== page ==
|Slip Point, WA|
Description: By 1865, three lighthouses had been constructed along the American side of the Strait of Juan de Fuca, however, a gap of over sixty miles still existed between the lights at Cape Flattery and Ediz Hook. Near the center of this gap lay Clallam Bay, with its small fishing villages. Slip Point forms the eastern side of Clallam Bay, and a small shelf located at its northern end was selected as the site for a fog signal and light. A landslip on the face of the point, which gave rise to the point's name, had often been used as a landmark for mariners during daylight hours. Now, thanks to a $12,500 appropriation by Congress on June 6, 1900 for a light and fog signal, the point would also help mariners traverse this previously dark gap at night and during limited visibility.
Bids for constructing the station were opened on September 10, 1903, but, being in excess of the balance of the appropriation, were rejected, and a few weeks later the district engineer was authorizes to purchase material and perform the work using hired labor.
Construction of the station began in June 1904, and by the end of the following October, a fine keepers' dwelling and a single-story, frame fog signal building, with a Daboll trumpet protruding through its seaward wall, were completed. Lack of sufficient funds prevented the construction of a light tower, so instead, a lens-lantern mounted on a shelf on the northwester corner of the fog signal building served as the light. Hans Score, Slip Point's first keeper, lit the lamp for the first time on April 1, 1905.
While serving as keeper, Hans Score rescued several people in need of assistance near the lighthouse. In 1914, Keeper Score went to the aid of thirteen men whose gasoline launch Spirit had sunk about five miles from the station. Three years later, Keeper Score rescued the disabled motorboat Bunch from a dangerous position and towed it to safety.
As part of a $30,000 appropriation made on October 22, 1913 for improving existing aids to navigation in Puget Sound and adjacent waters, the intended light tower was finally added to the fog signal building in 1916, and a fourth-order clamshell Fresnel lens replaced the lens lantern. The upgraded beacon, whose characteristic was a white flash every five seconds, could now be seen from the Canadian side of the strait. A new fog-signal plant, consisting of a diaphone fog horn powered by twelve-horsepower internal-combustion engines, was also installed at the same time. The total cost for these upgrades was $9,204.58.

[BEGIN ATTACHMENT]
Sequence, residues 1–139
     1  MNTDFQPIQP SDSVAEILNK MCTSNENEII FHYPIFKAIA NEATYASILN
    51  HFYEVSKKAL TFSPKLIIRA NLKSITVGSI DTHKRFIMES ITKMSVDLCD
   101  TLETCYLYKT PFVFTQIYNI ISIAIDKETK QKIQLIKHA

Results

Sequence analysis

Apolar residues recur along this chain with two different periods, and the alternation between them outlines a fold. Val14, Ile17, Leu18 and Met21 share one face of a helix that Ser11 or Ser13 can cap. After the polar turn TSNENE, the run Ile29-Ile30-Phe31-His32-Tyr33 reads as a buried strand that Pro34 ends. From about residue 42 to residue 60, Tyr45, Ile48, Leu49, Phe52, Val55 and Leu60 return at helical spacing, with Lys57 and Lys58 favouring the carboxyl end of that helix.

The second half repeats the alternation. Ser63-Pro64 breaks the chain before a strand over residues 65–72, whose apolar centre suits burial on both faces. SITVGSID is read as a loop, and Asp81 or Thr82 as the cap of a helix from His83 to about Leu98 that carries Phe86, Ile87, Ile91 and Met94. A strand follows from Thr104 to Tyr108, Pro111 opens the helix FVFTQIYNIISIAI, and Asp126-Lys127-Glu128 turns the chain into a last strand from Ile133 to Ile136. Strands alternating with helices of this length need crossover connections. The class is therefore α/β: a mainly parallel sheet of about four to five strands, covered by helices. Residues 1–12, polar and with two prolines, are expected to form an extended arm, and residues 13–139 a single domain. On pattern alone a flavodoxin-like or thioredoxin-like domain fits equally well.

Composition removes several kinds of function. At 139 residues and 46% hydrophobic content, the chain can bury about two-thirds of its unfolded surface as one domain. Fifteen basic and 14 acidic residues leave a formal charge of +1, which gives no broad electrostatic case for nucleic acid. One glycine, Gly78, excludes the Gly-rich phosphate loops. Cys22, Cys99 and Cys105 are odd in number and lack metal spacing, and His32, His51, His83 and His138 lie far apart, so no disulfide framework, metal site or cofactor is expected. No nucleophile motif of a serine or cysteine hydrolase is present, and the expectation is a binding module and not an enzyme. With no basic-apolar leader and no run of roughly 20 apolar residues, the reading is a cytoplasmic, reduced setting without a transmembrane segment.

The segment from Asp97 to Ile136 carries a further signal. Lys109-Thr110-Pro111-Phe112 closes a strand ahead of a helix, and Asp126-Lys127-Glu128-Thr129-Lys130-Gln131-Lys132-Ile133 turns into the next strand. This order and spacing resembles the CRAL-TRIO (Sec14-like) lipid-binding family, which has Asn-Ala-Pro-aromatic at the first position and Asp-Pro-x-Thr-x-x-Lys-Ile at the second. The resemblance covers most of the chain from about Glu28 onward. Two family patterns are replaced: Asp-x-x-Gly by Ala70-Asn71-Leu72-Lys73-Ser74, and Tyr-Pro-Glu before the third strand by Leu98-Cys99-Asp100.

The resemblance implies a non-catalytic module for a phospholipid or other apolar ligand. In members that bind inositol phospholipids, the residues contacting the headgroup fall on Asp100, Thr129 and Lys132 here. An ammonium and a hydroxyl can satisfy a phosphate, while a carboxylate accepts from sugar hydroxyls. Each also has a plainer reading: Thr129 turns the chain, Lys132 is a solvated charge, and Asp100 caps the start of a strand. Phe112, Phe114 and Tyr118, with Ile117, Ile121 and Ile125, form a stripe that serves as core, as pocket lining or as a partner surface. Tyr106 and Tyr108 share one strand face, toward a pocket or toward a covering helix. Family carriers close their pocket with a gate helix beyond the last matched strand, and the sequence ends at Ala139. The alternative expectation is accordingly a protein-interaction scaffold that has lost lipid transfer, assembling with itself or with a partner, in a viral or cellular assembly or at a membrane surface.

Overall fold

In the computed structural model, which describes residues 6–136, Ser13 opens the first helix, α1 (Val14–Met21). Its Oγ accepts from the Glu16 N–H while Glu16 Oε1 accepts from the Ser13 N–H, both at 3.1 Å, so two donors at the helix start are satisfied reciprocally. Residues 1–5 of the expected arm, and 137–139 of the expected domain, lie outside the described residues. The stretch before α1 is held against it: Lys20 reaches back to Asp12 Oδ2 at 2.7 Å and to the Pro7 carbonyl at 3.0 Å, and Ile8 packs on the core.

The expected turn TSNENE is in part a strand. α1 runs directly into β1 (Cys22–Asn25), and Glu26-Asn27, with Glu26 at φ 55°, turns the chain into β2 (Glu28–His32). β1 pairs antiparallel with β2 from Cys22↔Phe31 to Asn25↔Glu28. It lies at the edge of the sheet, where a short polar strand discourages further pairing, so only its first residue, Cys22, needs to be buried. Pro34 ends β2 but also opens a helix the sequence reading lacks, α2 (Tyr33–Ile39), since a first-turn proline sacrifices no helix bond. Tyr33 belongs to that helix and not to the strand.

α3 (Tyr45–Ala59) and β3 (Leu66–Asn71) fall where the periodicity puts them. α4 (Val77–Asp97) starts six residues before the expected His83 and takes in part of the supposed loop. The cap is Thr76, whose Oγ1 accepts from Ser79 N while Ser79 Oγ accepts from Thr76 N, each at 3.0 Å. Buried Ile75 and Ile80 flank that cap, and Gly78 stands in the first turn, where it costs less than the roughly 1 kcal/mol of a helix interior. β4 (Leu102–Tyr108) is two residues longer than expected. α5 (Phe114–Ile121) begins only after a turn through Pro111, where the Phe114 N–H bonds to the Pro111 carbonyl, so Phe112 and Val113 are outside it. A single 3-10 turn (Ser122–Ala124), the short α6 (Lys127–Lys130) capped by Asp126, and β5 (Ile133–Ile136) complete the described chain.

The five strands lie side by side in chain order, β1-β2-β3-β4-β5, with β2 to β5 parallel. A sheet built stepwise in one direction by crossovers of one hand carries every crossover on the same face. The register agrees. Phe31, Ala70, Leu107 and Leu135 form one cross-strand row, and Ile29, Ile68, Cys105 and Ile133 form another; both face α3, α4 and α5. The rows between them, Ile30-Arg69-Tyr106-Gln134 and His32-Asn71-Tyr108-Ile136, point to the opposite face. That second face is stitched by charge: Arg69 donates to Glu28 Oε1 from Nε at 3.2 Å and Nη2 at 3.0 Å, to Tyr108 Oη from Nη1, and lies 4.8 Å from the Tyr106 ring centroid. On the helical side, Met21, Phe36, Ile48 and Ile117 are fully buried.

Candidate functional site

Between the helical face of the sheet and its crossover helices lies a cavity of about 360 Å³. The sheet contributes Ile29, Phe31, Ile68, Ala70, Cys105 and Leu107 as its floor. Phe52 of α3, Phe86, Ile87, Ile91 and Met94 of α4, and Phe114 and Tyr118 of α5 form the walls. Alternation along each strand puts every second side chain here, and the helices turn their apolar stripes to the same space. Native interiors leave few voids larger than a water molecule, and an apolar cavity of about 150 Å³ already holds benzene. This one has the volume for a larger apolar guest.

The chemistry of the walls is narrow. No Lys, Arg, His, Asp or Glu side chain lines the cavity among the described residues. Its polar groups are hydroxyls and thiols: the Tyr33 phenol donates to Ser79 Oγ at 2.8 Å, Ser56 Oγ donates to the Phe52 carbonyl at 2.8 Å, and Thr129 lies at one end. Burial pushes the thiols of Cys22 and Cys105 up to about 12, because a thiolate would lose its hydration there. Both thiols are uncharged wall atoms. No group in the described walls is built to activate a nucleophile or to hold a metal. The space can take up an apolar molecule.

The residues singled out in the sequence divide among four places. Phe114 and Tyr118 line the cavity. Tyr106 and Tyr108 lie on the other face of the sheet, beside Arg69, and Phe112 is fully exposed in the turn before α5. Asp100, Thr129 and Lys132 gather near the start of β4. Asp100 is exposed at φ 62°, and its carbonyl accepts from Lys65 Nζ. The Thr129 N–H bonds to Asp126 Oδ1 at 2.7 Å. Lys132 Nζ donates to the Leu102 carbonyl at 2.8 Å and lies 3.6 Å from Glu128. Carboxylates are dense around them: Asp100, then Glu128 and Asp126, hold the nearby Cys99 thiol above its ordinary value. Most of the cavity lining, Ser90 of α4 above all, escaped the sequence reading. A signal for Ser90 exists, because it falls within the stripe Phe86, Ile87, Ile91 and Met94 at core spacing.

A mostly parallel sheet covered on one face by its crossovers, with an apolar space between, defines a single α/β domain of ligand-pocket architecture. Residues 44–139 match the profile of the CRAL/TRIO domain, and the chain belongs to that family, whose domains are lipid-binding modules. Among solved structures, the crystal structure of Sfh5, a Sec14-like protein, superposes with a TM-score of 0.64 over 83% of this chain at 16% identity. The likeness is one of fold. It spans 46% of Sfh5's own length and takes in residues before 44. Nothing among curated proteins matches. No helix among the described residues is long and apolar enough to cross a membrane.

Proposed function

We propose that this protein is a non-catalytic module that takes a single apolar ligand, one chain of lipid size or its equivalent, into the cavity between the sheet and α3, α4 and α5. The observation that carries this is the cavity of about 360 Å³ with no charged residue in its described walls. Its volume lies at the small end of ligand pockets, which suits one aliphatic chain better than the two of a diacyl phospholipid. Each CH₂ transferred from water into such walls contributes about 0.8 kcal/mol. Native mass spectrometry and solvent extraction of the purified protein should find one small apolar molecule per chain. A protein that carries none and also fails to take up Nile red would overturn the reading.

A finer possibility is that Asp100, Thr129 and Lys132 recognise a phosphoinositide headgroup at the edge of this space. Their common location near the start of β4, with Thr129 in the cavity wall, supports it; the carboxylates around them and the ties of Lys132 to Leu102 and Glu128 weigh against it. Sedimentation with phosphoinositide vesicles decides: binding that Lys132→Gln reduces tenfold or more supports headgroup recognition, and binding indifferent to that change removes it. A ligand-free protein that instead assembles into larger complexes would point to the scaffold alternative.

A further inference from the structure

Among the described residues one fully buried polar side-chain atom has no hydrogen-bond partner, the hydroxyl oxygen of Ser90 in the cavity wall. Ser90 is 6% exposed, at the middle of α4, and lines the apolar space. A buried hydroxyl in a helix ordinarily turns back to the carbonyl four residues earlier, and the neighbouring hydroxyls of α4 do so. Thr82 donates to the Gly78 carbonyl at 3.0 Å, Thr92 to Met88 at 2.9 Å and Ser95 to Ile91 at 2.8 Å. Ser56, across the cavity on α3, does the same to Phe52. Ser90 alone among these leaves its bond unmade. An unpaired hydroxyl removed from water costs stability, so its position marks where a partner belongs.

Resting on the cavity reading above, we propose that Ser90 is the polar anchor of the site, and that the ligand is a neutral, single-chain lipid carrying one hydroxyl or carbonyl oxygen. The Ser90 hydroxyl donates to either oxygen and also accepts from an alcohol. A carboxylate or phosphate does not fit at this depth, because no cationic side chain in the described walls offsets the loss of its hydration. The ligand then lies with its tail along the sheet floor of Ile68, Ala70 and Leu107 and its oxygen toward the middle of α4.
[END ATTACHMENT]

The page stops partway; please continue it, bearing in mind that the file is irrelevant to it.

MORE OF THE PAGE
Slip Point Lighthouse was replaced in 1951 by a beacon and fog signal on a fifty-foot white tower. The original fog signal building and attached tower were subsequently dismantled and much of the lumber was hauled away by local citizens.
The station was fully automated in 1977, and the keepers' duplex has since been shared by the Clallam Bay County Sheriff's Department and Coast Guard Personnel. In 2001, legislation was approved by the House of Representatives transferring 23.6 acres of Slip Point Lightstation to the local community for inclusion in Clallam Bay Spit County Park. Public officials of Clallam County have launched an effort to gather historic photos and blueprints of the original lighthouse that could be used in building an accurate replica. The modern beacon and the catwalk on top of the cement footings were removed around 2000.
Head Keepers: Hans P. Score (1905 – at least 1916), Eugene B. Alden (at least 1919 - at least 1923), Arthur J. Woods (at least 1930 - 1932), Clayborn R. Williams, Sr. (at least 1940).
Located in Clallam Bay on the Strait of San Juan de Fuca. The dwelling is owned by Clallam County. Grounds open, dwelling closed.
The dwelling is owned by Clallam County. Grounds open, dwelling closed.
Pictures on this page copyright Kraig Anderson, used by permission.